23andMe nabs Silicon Valley exec for new product-focused C-suite role as it looks to expand genetics platform and advance drug pipeline
Who: Daniel Chu, former executive at the autonomous driving technology company Waymo, joined 23andMe as chief product officer late last month.
Background: With a background steeped in the software development and transportation industries, upon first glance Chu appears an unlikely fit for the role at 23andMe. He began his career as a software engineer at several Silicon Valley startups before eventually landing a role as product manager for Google Hangouts, and later Google Maps. But Chu possesses a wealth of experience overseeing all aspects of product management, including user experience, design and data strategies. Prior to joining 23andMe, he served for eight years as chief product officer of the Alphabet subsidiary — Waymo, formerly called the Google self-driving project — where he moved the idea of a fully autonomous vehicle from concept to reality with the launch of the company’s self-driving taxi fleet in Phoenix, Ariz.
Why it matters: Chu’s ability to take a visionary idea to the finish line with practical expertise will prove important in his new role as 23andMe looks to create new consumer experiences with its genetics platform, while continuing to expand and advance its drug development pipeline.
During an earnings call this summer CEO Anne Wojcicki noted interest in expanding 23andMe’s consumer offerings further into the healthcare realm.
“We see real interest in the transition from genetics being associated with ancestry to genetics being associated with health,” she said. “That also then allows us to expand into the telehealth services and providing follow-up in care and guidance, pharmacy services as well as in labs.”
Wojcicki also suggested that the company is assessing new opportunities for its therapeutic group in a “post-GSK world,” when their multi-year drug discovery partnership with the British pharma is set to end in 2023.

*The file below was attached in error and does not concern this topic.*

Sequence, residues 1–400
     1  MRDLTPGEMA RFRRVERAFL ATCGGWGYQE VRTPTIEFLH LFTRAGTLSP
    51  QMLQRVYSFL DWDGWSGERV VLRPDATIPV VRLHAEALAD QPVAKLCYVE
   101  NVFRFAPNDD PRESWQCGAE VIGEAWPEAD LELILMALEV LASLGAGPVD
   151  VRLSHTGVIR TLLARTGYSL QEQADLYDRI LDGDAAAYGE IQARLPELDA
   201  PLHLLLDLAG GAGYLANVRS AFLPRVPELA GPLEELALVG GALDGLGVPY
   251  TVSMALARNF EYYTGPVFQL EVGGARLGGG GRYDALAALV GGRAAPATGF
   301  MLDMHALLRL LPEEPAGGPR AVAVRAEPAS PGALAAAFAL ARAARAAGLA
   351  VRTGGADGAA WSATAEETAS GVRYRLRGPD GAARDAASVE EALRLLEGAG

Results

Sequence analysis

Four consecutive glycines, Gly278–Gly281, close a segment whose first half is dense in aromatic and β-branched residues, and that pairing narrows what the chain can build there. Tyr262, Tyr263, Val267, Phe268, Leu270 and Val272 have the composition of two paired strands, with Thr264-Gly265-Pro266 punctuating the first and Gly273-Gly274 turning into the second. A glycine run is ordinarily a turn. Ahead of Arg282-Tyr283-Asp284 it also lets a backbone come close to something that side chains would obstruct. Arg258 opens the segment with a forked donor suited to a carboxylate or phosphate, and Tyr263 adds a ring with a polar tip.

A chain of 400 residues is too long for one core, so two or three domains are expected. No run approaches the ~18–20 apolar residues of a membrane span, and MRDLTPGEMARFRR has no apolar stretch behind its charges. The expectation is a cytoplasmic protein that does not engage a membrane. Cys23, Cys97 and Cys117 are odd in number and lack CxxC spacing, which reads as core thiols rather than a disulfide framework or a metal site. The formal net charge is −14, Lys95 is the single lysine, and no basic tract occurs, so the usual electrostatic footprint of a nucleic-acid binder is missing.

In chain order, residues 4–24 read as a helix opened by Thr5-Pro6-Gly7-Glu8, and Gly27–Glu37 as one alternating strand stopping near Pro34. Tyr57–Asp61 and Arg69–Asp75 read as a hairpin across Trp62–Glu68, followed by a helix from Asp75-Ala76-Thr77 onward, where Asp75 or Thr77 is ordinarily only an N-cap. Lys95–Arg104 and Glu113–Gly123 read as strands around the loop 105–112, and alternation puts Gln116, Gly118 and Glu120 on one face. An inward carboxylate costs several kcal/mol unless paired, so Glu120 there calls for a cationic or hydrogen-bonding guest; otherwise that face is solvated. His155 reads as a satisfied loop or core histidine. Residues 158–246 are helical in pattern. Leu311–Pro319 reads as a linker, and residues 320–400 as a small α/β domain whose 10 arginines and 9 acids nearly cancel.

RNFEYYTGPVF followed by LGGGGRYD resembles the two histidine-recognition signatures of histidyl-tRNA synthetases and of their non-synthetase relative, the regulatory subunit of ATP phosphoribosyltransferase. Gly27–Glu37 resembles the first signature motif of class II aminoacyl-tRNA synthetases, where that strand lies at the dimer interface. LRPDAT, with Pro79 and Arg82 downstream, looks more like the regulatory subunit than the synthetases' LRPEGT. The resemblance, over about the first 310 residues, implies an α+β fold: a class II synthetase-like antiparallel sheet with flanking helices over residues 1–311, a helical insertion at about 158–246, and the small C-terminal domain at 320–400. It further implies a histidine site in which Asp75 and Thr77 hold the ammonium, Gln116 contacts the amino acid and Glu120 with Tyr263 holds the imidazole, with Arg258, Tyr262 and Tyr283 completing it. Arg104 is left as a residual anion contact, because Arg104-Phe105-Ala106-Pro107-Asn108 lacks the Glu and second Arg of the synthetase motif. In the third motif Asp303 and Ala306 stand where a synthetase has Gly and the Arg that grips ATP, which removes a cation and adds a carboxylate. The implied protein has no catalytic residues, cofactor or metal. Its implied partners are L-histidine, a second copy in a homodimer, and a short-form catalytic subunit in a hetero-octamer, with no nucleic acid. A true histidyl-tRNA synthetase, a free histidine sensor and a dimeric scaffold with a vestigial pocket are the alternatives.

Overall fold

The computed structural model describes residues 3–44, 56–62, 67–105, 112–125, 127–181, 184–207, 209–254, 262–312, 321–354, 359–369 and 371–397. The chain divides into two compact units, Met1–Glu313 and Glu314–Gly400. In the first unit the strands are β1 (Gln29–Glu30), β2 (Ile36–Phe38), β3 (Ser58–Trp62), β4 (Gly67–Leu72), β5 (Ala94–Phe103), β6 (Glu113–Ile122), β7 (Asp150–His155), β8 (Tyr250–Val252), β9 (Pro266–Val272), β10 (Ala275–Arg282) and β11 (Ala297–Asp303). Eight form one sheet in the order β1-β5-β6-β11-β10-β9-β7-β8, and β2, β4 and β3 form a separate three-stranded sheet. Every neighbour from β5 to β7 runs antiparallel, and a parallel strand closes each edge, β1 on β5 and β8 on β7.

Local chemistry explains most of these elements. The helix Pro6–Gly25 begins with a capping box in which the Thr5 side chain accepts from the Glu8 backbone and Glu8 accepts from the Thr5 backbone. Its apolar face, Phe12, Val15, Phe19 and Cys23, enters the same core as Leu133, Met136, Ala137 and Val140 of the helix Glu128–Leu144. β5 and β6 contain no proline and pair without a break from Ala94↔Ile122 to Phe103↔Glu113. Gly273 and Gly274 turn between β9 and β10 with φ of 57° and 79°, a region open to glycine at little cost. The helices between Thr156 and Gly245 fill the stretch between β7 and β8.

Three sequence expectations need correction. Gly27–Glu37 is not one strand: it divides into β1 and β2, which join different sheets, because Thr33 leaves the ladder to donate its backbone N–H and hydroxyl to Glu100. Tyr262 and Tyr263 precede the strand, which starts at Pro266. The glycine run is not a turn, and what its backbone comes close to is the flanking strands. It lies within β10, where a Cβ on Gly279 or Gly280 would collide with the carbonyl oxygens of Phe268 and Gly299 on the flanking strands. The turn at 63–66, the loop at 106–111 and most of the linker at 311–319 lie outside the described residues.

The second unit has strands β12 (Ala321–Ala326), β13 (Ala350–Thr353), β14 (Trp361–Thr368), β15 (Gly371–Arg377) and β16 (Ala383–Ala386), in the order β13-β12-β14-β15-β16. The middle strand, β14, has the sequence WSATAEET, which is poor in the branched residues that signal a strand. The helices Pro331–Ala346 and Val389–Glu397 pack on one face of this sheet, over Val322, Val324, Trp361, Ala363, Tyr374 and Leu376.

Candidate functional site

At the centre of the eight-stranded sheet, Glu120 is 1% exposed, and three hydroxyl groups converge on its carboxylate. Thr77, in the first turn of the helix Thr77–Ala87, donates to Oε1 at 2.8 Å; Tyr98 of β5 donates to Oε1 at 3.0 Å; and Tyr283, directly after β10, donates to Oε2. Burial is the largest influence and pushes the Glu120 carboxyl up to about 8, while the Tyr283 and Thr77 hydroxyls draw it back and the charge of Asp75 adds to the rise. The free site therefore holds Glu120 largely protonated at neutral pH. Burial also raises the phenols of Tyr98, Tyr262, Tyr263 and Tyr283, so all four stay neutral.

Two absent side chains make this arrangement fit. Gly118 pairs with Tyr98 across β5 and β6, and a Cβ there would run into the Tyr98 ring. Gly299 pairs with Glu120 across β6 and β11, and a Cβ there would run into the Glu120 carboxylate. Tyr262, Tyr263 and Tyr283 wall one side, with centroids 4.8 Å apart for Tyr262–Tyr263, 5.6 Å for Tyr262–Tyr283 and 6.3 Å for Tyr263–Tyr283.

Although it remains unclear which side of the business Chu will work more closely with, he’s joining at a time marked by growth and opportunity for the company. He is the second executive to join 23andMe in recent months after Dr. Noura Abul-Husn who came on as vice president of genomic health in July.
Learn more: As part of its partnership with GSK, 23andMe has more than 40 drug discovery programs already underway and at the beginning of this year launched a phase 1 trial of its first asset, 23ME-00610, for patients with locally advanced or metastatic solid tumors. Read our interview with Dr. Jennifer Low, 23andMe’s head of therapeutic development, about the company’s strategy for future growth.
Moderna’s latest personnel reshuffle signals increased emphasis on partnerships and M&A opportunities
Who: The latest shake-up at the mRNA biotech sees the company’s current chief technical operations and quality officer, Juan Andres, moving to a newly created role as president of strategic partnerships and enterprise expansion beginning in the new year.
Background: Much like his successor, Andres joined Moderna in 2017 after over a decade at Novartis in manufacturing and supply chain operations. He’s built on those skills over the last five years while managing the Cambridge, Mass.-based biotech’s vaccine production during the COVID-19 pandemic and helped grow its production capabilities. In his new role, Andres will be tasked with fostering fresh collaborations and bolstering the company’s drug pipeline. Meanwhile, Jerh Collins will take up where Andres left off, including by expanding the company’s manufacturing site in its home state and building a new site in Africa with his over three decades of experience in pharma production, manufacturing and operations at Novartis.
Why it matters: The restructuring marks the latest in a series of executive level personnel changes at Moderna over the last few months, most recently including the August announcement of former PerkinElmer exec James Mock as its new chief financial officer. The company is looking to ignite its next stage of growth, according to a statement from CEO Stéphane Bancel, who said during the company’s annual R&D day that Moderna is “preparing for multiple product launches globally.”
Those launches could begin as early as next year, the company announced during the September event, and are likely to include Moderna’s phase 3 vaccine candidates for seasonal flu, which aims to protect against four major strains, and respiratory syncytial virus (RSV). However, the trials are ongoing and it is unclear when final results for either may be available.
Andres’ leadership will be pivotal in helping steer the company past these launches and into future indication areas. Collins will similarly play an integral role as he’s charged with bringing more manufacturing capabilities in-house as the company expands its global footprint.
Learn more: Although Moderna is looking to a future past COVID-19 with its pipeline, the company is at the same time suing competitors Pfizer and BioNTech over allegations they copied its patented mRNA technology for their own COVID-19 shots.